29 MARCH 2010
WORKING GROUP ON ACCESS AND BENEFIT SHARING 9TH SESSION
2010 is the International Year of Biodiversity and it is vital that Parties complete the task that has been set to adopt a Protocol on Access and Benefit-sharing.
As Indigenous Peoples, we are responding to the International Year by working so that the CBD objectives agreed almost 20 years ago are achieved, both in protection of the world's biodiversity and its sustainable use and towards the fair and equitable sharing of benefits, arising from the use of genetic resource and associated traditional knowledge.
It is important to understand that our empowerment to exercise our rights is a key aspect to the protection of the biodiversity, and that our rights in relation to biodiversity, including genetic resources, must be a cornerstone of the international ABS regime for the future Protocol to be successful.
Indigenous Peoples represent the principle that all peoples have responsibilities and obligations to preserve mother nature which sustains us and defines our own existence. Indigenous peoples endeavour to fulfill these responsibilities within our homelands according to our cultural traditions.
Since 2007 the United Nations has recognised our existence as peoples, thus overturning historical myth that we do not have rights to self-government or collective rights to our territories and resources.
The Declaration on the Rights of Indigenous Peoples, also clarifies that indigenous peoples, like all peoples, have the clear right to self-determination, and the right to make our own decisions regarding our livelihoods, cultures and futures.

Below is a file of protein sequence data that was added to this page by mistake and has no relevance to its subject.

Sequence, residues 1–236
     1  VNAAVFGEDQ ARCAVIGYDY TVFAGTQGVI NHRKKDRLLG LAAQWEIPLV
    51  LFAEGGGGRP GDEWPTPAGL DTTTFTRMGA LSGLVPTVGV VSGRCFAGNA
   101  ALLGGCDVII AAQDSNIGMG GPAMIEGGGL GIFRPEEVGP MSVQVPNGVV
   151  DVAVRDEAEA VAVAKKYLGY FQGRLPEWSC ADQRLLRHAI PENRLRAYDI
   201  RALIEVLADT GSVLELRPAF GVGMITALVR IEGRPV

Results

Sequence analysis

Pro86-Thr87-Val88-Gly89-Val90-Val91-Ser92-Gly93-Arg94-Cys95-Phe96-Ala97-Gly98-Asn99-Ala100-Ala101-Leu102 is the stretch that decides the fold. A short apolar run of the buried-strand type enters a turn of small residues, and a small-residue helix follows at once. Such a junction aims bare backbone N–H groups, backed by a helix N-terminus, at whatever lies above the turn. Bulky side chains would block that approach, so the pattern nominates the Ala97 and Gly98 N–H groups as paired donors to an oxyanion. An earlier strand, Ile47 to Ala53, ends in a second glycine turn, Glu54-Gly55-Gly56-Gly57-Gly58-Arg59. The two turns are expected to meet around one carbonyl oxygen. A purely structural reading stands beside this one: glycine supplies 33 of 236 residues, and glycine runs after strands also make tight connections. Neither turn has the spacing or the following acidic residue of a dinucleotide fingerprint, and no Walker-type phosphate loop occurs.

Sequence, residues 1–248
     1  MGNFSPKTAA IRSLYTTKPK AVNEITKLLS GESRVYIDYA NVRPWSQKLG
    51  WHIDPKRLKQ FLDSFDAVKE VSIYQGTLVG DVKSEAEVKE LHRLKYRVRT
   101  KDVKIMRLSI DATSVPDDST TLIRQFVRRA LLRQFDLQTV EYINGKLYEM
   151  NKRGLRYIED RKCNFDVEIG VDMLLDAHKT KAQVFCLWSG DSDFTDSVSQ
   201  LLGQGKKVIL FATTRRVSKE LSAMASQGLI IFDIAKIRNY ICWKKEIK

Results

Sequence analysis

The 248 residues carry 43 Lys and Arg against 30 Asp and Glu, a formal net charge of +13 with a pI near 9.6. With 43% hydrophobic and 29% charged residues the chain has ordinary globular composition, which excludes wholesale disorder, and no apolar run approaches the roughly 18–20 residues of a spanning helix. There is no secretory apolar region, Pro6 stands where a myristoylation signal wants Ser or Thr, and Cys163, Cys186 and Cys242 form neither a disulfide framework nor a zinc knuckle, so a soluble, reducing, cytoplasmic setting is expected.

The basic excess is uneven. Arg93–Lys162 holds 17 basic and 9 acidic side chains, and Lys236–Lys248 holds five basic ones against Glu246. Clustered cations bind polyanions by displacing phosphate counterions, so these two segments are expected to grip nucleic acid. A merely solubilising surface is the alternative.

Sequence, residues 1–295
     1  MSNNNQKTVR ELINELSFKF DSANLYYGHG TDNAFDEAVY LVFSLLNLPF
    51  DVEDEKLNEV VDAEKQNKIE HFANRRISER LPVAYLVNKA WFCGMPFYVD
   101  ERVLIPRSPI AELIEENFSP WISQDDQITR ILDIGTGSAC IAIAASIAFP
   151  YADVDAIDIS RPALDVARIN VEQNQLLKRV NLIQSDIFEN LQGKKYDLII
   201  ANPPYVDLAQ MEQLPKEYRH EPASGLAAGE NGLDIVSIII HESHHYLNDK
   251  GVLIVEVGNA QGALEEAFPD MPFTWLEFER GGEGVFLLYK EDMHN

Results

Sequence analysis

We are pleased to see that our rights in relation to Traditional Knowledge associated with Genetic Resources is recognised in the draft protocol. We have no reason to believe that this recognition will change.
We still expect that our rights to Traditional Knowledge will be regarded as a cross-cutting issue and that Traditional Knowledge will be incorporated into the section on Compliance.
We note that some Parties have suggested that Indigenous Peoples do not want States to provide protection for traditional knowledge.
Whilst Indigenous Peoples have the right to maintain, control, protect and develop our Traditional Knowledge, Parties also have obligations under international law to implement effective measures to recognize and protect the exercise of these rights.
We do not agree with the suggestions that compliance measures regarding Traditional Knowledge be referred to WIPO.
We do not have much faith in the WIPO discussions, having participated in fifteen sessions, so far, of the IGC on Genetic Resources Traditional Knowledge and Folklore.
We consider that our rights to TK and associated Genetic Resources is better addressed in the ABS international regime because this is where the structure, capacity and information for compliance is to be established.
We have requested that the draft protocol reflect 'the interrelationship between genetic resources and traditional knowledge and the inseparable nature of these resources and knowledge to Indigenous Peoples and local communities'. We hope that Parties will be able to affirm this important relationship in the language of the protocol.
Indigenous Peoples do not see the Protocol on ABS as a narrow trade agreement, in which the remaining valuable resources from biodiversity and traditional knowledge are extracted, expropriated, and privatised through intellectual property rights.
Indigenous Peoples have been the custodians of biodiversity, enhanced through the application of traditional knowledge, innovations and practices.
This historical heritage must be fully valued in the ABS Protocol, and fully rewarded and enhanced as a continuing legacy for future generations.